Federal agencies appear to be divided over which carbon intensity model should be used for an Inflation Reduction Act tax credit meant to grow the fledgling sustainable aviation fuel industry, according to biofuel policy experts.
It’s unclear which of two models for measuring carbon intensity may be used to implement the SAF portion of the Clean Fuel Production tax credit, which is set to take effect in 2025.
Officials in the Department of Transportation and the State Department are leaning toward the International Civil Aviation Organization (ICAO) model, while those in the Treasury Department, the Department of Energy, the Agriculture Department and the Environmental Protection Agency are leaning toward the Argonne National Laboratory’s Greenhouse Gases, Regulated Emissions, and Energy Use in Transportation (GREET) model, said Russ Sullivan, a former Senate Finance Committee staff director and current tax attorney.
“My assessment is that you have different parts of the administration advocating for different models,” Sullivan said at the Clean Fuels conference in Tampa last week.
The tax credits, which use what has been dubbed “the Wyden approach,” are tied together with greenhouse gas emission reduction percentages. The idea has been championed by Sen. Ron Wyden, D-Ore.
“It is designed to … match the amount of the tax credit with the amount of carbon reduction that you achieve through the process compared to standard ways that the fuels are produced today,” Sullivan said.
The Transportation and State departments are leaning toward the ICAO model because that's the model currently used throughout the airline industry, Sullivan said. The Federal Aviation Administration, part of the Transportation Department, also prefers it, he said.
Sen. Chuck Grassley, R-Iowa, has also called on the Treasury Department to use the GREET model, which he says would allow growers of corn and soybeans used for SAF to qualify for tax credits. Farmers would be excluded under the ICAO model, he said.
“If I was involved in writing the bill, I would have made sure that the Treasury Department could not outsource these important modeling decisions to international organizations,” Grassley said in a release.
Some 62 aviation industry stakeholders — including passenger and cargo carriers, clean fuel producers, aircraft manufacturers, labor unions, airports and think tanks — also sent a letter to the Treasury Department in December requesting that GREET be used as the model. They said that GREET is already required for other transportation fuels and is used for other programs, like the Environmental Protection Agency’s Renewable Fuel Standard.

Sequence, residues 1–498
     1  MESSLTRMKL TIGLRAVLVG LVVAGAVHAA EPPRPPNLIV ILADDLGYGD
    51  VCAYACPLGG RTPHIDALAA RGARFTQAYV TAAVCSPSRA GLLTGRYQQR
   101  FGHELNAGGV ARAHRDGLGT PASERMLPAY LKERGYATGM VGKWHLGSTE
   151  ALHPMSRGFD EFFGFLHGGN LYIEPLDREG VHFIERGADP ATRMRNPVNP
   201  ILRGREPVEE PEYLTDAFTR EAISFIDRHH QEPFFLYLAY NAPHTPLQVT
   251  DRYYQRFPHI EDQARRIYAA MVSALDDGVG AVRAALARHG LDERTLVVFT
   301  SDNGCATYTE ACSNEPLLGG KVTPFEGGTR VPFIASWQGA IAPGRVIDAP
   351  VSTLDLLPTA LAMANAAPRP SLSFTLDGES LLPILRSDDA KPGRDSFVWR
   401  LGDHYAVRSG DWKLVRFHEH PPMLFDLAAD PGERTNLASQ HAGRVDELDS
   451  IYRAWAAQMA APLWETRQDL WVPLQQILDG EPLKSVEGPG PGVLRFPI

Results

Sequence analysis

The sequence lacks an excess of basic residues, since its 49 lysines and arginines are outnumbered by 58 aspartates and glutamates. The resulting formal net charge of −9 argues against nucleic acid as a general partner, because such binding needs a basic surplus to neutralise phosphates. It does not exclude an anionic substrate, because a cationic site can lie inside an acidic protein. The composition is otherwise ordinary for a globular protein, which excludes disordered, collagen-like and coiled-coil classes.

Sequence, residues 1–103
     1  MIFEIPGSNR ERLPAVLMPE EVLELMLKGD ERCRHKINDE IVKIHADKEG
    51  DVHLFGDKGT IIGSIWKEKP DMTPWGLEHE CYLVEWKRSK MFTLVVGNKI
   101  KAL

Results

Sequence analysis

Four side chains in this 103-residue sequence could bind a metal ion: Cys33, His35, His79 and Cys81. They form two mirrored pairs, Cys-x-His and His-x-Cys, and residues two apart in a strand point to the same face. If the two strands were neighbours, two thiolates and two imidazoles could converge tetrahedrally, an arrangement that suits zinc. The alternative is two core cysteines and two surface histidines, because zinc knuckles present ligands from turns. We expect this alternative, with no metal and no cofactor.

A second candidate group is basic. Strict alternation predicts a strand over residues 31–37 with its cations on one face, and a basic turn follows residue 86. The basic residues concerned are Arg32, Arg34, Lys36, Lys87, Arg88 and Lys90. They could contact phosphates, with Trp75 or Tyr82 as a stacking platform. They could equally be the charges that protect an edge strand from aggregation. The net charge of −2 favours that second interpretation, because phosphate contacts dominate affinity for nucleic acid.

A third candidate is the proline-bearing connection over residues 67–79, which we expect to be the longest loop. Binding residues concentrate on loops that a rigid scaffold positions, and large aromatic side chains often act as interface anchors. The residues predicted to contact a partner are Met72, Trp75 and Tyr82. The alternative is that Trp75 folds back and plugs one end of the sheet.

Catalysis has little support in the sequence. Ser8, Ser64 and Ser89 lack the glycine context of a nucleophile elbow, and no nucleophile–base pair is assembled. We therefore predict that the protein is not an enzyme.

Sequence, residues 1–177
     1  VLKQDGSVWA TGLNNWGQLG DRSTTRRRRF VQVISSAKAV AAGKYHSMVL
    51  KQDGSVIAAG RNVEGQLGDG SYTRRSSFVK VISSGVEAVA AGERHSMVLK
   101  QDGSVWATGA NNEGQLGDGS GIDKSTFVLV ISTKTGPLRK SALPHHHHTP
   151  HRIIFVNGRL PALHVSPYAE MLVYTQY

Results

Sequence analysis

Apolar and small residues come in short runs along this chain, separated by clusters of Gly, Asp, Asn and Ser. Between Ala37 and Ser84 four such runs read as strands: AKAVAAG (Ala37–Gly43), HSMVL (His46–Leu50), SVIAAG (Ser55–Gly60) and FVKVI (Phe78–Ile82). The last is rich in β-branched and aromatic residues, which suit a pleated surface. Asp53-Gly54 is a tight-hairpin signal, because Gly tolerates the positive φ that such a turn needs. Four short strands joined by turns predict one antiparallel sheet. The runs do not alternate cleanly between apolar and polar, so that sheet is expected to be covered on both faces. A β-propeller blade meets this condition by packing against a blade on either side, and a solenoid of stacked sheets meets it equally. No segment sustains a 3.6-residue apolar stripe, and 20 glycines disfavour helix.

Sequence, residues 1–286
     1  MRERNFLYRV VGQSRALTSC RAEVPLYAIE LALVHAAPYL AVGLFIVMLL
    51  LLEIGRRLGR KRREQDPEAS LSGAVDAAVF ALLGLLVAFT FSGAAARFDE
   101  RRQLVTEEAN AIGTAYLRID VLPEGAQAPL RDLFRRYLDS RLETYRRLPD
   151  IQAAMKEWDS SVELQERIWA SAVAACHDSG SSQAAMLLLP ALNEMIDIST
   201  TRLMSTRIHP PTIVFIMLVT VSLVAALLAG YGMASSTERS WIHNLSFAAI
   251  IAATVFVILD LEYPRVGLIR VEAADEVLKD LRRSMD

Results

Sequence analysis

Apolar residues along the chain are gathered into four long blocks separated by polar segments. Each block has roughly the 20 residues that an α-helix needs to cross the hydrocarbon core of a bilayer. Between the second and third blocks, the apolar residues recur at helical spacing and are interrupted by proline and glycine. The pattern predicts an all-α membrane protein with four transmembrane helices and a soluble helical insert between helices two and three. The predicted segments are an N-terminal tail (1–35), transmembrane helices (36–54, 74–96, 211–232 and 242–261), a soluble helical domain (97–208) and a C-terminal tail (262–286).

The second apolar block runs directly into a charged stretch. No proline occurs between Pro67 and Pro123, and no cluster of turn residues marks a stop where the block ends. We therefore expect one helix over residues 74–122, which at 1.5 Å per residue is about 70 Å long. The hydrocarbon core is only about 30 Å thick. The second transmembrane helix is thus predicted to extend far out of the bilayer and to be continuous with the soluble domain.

The Inflation Reduction Act includes extensions through 2024 of the current $1 per gallon income and excise tax credits for biodiesel and the 10 cent per gallon small agri-biodiesel blenders tax credit and the small agri-biodiesel producer tax credit for alternative fuel. It also created a new sustainable aviation fuel tax credit of between $1.25 and $1.75 per gallon for 2023 and 2024.
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The program will then transition to a technology-neutral production tax credit in 2025, offering a $1 per gallon credit for nonaviation fuels and a $1.75 per gallon tax credit for sustainable aviation fuel. Less carbon-intensive fuels will get more credit value.
U.S. airlines have set an ambitious target of making 3 billion gallons of sustainable aviation fuel available to aircraft operators in 2030, a goal that President Biden also included in his aviation climate action plan.
The tax credit for sustainable aviation fuel, however, has drawn criticism from the National Association of Truck Stop Operators, which believes it could tighten competition for feedstocks within the biofuel industry.
Carbon intensity for other renewable fuels under the clean fuel production credit, including biodiesel and renewable diesel, will be measured using the GREET model, Sullivan says. The model is continually updated by Argonne National Lab researchers with calculations of life-cycle energy and emissions relating to transportation.
A slew of renewable diesel production facilities are set to come online in the next couple of years, driving up demand for soy and vegetable feedstocks. These feedstocks are not only important to the renewable diesel industry, but are also required by biodiesel, SAF and parts of the food sector. Clean Fuels Alliance CEO Donnell Rehagen said he’s “not concerned” about future feedstock availability for all three fuel types, though he said there will likely be “moments of tightness.”
“The next two or three years will be the period of time of the most significant growth, so we need those feedstocks to continue to grow,” he said.
Kurt Kovarik, vice president of federal affairs for Clean Fuels Alliance America, said he is more concerned about attempts to alter the GREET model than he is about potential repeal of the credits.
“By far, in my mind, the largest statistical threat to the effectiveness of the IRA provisions isn’t a hostile Republican attack,” Kovarik said. “It would be a potentially unfortunate piece of guidance that might be driven by academics or the environmental community that somehow neuters one or more of these credits by playing with the GREET standard or having some sort of anti-taxpayer mechanism.”
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